...... And Up The Sacred Mountain
14.11.2015 - 14.11.2015 20 °C
This morning we regrettably had our final breakfast of crepes and coffee at La'Bom,( I hope we return one day the place and staff are just great) and repacked our bags, mine now considerably heavier with an extra 1.5kg of salt from yesterday. Nelly and Mariono picked us up again for our second tour with Maras Adventures, today we are headed for the Sacred Valley, prized by both the Incans and prior inhabitants for its fertile lands and superior crops. Our first stop was Pisac, now famous also for its markets, high above the small town lies the vast terraces. Similar in construction to the ones at Moray, they are built in layers that follow the natural form of the mountain, and contain layers of different materials to allow for drainage, and crop production not normally possible at these altitudes. The town sits at nearly 3000m, a few hundred metres less than Cusco, but we were both still finding ourselves a bit short of breath. Walking through the ruins is a magnificent experience, to see and touch the precisely carved stones, unreplicated since their construction. We had a superb sunny day to explore the site and got their early enough to avid the bulk of the tour groups. The use of angles, curves and notches instead square edges begs the questions of why and how. Clearly they were made to impress and like the other sites in the area, built to last.
Looking down the Sacred Valley / Bloody Tourists / Pisac Terraces / Ruins @ Pisac / Panorama from Pisac
We skipped the markets and headed for Ollantaytambo, stopping at Urubamba for lunch and passing numerous small ruin sites along the way. Apparently the area is littered with lesser known small villages and dwellings used for rest between the larger towns. Ollantaytambo is lower again at 2800m and the lungs are certainly appreciating the decrease in altitude. The city is 60km northwest of Cusco and again the hillside it sits upon has been transformed into the terraces, with military barracks and religious temples atop, and dwellings for the commoners on the flat. High up on the face of the opposing mountain they built a spectacular grain store which held up to 5 years worth of food. We noted that both here and Pisac were established at the convergence of 2 valleys. The city was never completed and there are carved lintels at the top that were never placed. Both places were overflowing with large tour groups and endless "selfie stick" poses, ( I cant talk we just got one ourselves, perhaps I'm yet to master the technique, something about it just doesn't feel right). A good couple of hours is needed in each place to both make your way through the crowds, and get a decent appreciation for the work and planning involved in the place.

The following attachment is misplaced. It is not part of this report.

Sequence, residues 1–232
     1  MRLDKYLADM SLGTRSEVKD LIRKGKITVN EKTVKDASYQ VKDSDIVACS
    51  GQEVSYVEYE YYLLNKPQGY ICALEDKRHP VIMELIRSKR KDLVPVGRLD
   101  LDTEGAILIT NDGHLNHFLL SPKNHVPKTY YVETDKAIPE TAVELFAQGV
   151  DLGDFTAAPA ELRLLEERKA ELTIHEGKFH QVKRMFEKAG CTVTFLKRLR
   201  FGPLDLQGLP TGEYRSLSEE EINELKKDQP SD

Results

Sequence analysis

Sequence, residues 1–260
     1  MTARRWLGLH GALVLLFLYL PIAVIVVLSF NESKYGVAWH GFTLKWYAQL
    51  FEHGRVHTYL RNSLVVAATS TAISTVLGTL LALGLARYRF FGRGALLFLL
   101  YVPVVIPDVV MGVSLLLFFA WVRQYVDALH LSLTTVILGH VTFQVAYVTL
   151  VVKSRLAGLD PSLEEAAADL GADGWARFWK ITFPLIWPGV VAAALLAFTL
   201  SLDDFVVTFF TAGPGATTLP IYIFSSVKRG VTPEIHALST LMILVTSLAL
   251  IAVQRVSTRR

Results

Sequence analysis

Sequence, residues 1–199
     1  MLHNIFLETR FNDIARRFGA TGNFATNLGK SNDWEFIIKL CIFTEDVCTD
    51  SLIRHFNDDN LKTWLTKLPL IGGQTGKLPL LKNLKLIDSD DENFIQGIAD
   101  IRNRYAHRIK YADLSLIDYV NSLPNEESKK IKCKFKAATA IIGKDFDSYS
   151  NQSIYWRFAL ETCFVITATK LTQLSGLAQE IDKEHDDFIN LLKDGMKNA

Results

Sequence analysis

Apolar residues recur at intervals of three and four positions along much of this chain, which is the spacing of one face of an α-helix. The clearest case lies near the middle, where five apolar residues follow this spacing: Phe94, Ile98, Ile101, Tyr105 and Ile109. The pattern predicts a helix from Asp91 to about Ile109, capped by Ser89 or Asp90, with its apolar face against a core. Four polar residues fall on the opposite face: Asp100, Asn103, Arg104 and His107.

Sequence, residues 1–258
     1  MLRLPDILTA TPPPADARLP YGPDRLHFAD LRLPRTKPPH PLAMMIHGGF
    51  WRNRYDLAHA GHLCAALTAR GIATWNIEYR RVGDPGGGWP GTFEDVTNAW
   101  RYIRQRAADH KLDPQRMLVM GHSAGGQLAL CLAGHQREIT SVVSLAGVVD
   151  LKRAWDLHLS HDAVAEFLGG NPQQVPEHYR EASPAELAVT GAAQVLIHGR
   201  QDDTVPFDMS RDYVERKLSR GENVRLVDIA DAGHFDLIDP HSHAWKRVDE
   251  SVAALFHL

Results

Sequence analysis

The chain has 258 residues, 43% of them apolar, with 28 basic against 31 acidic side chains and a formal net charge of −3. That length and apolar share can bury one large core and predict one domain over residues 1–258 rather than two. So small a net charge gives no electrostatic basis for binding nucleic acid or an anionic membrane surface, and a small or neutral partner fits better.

Impressive Stonework/ Jo gets dwarfed / Ollantaytambo town - grain store on mountain / Ollantaytambo / Our Evening Chariot
We said goodbye to Mariono, our wonderful yet slightly erratic driver, and Nelly the guide at the train station for Aguas Calientes, gateway to Macchu Picchu. We stored the bags at the station and walked uphill into town and found a pizza joint with all day happy hour on pisco sours. Full bellied and slightly tipsy, we hailed a tuktuk for the train station, destination Aguas Calientes, gateway to Macchu Picchu.